Two Industrial Era Management Beliefs That Kill Innovation

Failing organizations are usually over managed and under ledBeliefs. We all have them. They’re how we make our way through life, from making decisions about who we make friends with, where we choose to work, who we collaborate with and what we do and don’t; they’re a guide to behavior.

The problem with beliefs is they mostly go unchallenged, so we become anchored in them. Some beliefs are so hardened into our mindset they cause more harm than good. For example, inside organizations they determine the present and future of the business. And businesses that fail do so because they miss the future; anchored to outdated beliefs.

Companies that aspire to innovate have to get out of their own way by challenging core beliefs of how they believe business works. There are two beliefs that hold leaders and their organizations back which have stood the test of time:

  1. Hiring interns to do heavy work for a very low cost;
  2. Hoarding and not sharing information with ones team to maintain control.

Both beliefs, in my opinion, come from a very deep motivation to maintain the status quo. They’re heavily present in the Tacna Services manufacturing industry, or any industry that doesn’t require a lot of knowledge work; these are types of jobs that will be easily automated.

Let’s start with the first one…

Belief that the best employees are low cost interns you can work harder

There’s a belief in Mexico that the best employees are those with scholarships, even with masters scholarships, because they’re cheap and you can work them harder than everyone else. This is what many companies believe productivity looks like, and I can confirm this to be true in my experience working with mexican companies.

This belief is not specific to Mexico, it’s a hardened belief that started with the Industrial Revolution; mexican business owners just can’t imagine it being any different.

I’m not opposed to hiring interns. I just don’t agree with the belief that they make the best employees because they’re cheap. I hire for attitude, mindset and talent; not because I want to reduce costs to maximize profits, because I truly value human capital.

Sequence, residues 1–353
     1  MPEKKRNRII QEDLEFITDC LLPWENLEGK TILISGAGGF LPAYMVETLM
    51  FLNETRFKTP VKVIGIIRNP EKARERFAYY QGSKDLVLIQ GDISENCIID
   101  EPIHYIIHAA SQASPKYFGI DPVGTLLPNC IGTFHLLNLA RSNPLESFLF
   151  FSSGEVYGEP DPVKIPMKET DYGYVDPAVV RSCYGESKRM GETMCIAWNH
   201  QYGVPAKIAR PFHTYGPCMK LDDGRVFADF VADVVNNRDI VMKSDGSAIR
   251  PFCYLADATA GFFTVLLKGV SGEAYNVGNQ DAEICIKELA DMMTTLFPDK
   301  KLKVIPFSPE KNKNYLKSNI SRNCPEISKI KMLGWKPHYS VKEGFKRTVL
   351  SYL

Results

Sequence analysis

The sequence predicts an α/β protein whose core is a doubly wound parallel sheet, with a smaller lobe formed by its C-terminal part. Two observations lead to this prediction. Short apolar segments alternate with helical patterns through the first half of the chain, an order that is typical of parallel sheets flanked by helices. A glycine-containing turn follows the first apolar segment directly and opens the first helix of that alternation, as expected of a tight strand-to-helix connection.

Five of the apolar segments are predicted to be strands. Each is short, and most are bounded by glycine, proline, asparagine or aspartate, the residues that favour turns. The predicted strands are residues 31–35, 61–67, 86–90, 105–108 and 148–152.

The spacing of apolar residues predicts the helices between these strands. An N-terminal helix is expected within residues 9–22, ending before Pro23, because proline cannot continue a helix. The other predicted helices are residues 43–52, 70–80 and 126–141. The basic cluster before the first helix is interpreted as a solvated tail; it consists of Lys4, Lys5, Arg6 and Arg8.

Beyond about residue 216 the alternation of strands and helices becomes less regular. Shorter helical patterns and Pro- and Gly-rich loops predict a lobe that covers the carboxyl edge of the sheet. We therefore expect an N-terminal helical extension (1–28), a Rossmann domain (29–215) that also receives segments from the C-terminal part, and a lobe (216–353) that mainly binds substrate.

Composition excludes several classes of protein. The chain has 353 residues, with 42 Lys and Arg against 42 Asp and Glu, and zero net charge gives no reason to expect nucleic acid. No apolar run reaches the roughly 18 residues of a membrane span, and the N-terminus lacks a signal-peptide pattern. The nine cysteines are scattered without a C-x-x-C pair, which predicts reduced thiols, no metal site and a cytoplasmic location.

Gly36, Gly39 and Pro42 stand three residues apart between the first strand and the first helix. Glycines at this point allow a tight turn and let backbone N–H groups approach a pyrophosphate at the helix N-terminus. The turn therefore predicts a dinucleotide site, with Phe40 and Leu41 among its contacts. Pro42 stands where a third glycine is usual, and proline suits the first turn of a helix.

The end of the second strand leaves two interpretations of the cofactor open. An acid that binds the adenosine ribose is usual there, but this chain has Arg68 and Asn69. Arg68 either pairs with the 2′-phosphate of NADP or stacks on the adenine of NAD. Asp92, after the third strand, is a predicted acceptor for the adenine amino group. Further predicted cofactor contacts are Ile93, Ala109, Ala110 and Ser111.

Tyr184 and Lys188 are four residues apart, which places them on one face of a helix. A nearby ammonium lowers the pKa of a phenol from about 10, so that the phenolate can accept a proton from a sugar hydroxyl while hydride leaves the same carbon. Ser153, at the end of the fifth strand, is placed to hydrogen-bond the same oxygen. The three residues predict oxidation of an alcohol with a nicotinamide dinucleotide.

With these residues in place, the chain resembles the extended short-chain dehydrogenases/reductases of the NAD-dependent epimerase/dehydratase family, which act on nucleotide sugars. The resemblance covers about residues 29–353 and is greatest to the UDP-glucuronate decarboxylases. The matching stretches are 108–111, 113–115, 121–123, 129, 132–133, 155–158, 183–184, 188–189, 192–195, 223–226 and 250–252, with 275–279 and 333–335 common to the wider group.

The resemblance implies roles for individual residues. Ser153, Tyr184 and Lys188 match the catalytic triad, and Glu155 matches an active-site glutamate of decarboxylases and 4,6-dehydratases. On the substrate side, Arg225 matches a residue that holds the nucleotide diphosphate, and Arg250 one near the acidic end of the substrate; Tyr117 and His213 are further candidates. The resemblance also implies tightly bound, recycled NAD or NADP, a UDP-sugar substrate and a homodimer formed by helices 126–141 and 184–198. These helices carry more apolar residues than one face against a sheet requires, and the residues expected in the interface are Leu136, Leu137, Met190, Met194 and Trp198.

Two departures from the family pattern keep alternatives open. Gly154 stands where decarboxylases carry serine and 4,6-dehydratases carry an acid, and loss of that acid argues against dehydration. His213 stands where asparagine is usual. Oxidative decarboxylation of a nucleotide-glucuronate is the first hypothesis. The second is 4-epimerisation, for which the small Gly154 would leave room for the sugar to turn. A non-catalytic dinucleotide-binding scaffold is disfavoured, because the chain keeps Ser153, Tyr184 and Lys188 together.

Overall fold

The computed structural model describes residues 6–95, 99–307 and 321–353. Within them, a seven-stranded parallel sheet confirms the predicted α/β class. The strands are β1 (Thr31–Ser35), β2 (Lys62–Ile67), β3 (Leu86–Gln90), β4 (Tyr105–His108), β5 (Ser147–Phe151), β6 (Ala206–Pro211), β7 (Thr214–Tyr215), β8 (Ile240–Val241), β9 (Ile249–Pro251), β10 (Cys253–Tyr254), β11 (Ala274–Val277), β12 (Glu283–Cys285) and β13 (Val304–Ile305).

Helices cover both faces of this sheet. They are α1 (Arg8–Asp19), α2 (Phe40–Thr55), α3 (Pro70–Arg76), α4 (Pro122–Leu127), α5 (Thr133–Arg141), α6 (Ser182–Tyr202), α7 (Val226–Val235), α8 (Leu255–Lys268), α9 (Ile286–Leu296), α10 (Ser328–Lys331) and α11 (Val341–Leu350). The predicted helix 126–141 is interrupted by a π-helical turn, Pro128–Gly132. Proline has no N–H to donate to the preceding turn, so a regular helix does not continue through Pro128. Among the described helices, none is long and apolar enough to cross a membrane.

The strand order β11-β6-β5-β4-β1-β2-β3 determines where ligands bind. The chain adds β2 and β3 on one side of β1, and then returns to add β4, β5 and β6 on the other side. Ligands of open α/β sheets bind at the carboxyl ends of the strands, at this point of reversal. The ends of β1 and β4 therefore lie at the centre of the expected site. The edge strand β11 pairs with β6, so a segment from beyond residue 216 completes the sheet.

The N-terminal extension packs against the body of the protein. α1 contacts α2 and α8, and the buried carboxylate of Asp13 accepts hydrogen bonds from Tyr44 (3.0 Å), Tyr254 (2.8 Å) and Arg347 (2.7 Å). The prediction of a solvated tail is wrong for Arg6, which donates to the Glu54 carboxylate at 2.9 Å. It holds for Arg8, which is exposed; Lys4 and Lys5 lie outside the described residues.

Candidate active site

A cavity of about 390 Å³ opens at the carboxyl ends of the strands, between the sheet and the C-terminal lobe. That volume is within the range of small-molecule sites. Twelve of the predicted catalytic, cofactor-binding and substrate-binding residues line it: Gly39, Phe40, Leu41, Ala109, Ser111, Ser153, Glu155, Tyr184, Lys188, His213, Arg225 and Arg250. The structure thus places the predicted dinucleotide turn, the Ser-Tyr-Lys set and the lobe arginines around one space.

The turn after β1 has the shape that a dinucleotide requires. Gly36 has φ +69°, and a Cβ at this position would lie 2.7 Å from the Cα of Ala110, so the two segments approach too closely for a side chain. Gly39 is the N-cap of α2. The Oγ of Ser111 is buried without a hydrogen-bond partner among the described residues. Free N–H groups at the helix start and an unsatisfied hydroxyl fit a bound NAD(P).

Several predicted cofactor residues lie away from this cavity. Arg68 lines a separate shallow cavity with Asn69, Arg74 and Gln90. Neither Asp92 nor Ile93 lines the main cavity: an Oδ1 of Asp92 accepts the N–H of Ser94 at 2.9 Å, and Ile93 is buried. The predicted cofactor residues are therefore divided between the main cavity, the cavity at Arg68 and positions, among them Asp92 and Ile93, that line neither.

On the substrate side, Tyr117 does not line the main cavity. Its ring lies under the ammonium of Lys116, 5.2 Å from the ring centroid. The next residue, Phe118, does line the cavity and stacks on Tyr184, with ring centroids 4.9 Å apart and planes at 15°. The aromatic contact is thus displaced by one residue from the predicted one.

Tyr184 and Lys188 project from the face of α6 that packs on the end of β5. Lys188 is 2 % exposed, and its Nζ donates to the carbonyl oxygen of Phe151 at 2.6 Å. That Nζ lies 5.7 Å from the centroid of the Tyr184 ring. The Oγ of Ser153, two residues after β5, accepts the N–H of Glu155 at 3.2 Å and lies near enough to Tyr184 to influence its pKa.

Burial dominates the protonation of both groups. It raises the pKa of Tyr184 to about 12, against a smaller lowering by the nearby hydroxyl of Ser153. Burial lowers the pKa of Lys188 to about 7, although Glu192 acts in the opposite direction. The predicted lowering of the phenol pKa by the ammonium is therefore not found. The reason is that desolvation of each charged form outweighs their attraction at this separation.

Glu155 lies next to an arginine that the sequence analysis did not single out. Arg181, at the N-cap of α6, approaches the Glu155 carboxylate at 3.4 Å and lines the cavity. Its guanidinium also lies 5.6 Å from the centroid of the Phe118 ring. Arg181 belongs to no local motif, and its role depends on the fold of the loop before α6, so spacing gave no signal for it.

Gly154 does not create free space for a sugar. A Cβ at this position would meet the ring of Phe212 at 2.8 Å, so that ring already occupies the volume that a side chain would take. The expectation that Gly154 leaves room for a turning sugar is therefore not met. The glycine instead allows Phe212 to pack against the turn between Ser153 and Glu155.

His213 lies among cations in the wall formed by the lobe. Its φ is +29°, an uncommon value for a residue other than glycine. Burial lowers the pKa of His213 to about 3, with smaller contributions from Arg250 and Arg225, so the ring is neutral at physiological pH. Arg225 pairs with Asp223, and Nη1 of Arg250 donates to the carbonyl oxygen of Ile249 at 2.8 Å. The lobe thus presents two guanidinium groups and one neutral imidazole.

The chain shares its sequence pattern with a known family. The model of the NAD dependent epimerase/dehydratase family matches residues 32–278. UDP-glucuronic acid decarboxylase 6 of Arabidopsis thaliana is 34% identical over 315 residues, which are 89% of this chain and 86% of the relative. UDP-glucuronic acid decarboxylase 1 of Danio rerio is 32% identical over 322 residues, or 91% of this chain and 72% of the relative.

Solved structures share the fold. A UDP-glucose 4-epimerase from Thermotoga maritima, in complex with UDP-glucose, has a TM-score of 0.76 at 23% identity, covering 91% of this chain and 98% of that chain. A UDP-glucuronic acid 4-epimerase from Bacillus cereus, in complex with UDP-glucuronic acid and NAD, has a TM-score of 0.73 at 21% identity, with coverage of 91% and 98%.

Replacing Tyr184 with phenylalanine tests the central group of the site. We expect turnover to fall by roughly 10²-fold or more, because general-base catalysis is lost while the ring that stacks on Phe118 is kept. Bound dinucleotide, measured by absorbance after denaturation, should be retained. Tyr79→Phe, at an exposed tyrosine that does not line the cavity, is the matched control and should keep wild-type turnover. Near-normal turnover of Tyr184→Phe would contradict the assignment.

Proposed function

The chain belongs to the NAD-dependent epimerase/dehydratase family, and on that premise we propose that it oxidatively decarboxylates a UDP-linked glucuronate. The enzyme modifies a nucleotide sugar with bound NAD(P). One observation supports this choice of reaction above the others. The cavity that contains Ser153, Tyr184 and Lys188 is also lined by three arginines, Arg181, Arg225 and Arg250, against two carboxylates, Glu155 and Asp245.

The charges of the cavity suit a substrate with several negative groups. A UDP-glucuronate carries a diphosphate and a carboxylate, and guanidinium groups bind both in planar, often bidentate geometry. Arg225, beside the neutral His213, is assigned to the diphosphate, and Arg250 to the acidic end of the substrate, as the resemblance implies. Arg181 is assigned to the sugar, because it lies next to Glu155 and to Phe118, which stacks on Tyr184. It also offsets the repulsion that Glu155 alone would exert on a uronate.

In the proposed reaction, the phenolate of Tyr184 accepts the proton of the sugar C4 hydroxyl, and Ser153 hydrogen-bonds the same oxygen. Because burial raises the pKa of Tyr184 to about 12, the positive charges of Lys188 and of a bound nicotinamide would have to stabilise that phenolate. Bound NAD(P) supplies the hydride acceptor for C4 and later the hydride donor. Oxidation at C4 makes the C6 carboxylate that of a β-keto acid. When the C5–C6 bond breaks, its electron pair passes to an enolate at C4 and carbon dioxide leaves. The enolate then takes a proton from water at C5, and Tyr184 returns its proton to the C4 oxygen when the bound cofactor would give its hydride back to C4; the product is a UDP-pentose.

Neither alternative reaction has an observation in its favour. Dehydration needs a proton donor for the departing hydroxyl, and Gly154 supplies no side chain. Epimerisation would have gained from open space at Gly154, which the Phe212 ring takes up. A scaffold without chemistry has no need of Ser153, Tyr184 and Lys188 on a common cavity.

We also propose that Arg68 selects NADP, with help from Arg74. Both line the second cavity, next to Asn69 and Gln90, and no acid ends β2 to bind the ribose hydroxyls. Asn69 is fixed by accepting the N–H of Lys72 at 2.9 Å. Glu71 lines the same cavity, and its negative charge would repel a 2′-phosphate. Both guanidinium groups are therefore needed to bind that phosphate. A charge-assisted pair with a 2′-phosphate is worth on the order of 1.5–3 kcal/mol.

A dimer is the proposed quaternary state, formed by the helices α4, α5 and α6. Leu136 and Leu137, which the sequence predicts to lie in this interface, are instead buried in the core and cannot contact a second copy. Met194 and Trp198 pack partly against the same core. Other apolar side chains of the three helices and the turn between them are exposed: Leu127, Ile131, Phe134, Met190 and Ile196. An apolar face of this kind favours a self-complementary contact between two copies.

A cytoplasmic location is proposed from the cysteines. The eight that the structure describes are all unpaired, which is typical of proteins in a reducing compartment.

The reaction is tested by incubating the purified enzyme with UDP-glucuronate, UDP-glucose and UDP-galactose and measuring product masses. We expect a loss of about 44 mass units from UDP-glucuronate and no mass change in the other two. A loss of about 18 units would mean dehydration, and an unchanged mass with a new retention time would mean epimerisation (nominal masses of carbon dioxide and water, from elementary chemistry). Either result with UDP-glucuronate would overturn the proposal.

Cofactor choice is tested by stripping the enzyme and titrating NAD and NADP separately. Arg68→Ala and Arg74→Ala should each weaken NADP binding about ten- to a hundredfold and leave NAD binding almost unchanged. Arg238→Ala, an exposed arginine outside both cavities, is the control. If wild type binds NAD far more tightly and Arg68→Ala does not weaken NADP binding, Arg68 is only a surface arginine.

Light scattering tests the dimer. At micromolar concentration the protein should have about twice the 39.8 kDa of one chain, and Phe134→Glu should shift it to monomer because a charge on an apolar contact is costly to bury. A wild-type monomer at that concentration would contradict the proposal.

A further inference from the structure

I believe my life will be better if I surround myself with people who are Hungry Minds; lifelong learners. The benefit is talent attracts talent when you filter for learning, attitude and talent. Aspiring innovators either hire the best industrial electrical contractors possible or develop it in-house; neither option is cheap.

Belief that being smarter than others and hoarding knowledge gives him / her more power

It’s very hard for me to work with assholes: people who believe they’re superior because they’re older and more experienced than I am; nothing comes out of this because there’s no knowledge sharing happening.

I know a handful of people who still operate by the belief that employees are minions without a brain; just there to do the boss’ wish. Unfortunately, the leaders of companies who still operate like this are making a huge mistake because knowledge work is more ubiquitous today than 50 years ago. Today’s workers should be as informed as its leaders, and they are; the problem is they’re not empowered to act on that knowledge.

Many new ideas die before they even start because of this belief. The result is a company that depends on the knowledge of one or a few people which leads to perpetual stagnation and failure to create the future.

Key Takeaway

Remember that innovation is another code word for leadership. With that said, I can determine the innovation potential of your organization by the way you lead and prioritize. A simple conversation with a business leader will tell me whether or not you’re organized for innovation. And one thing I aim to understand is their belief system, because the above beliefs drive the common innovation challenges that exist inside established organizations.

Transformation is driven by a growth mindset, not a fixed one. Organizations that hold the above beliefs sacred are operating with a fixed mindset, one that values predictability and order; you will never transform and reinvent your business this way.

The beliefs that hold us back as people also hold back our organizations. Leaders who aspire to lead innovative organizations must have strong opinions weakly held; they must have strong beliefs but keep and open mind.

The leader of the future is a lifelong learner, values diversity, leads with purpose and has an entrepreneurial mindset; and inspires other to do the same.

Also published on Medium.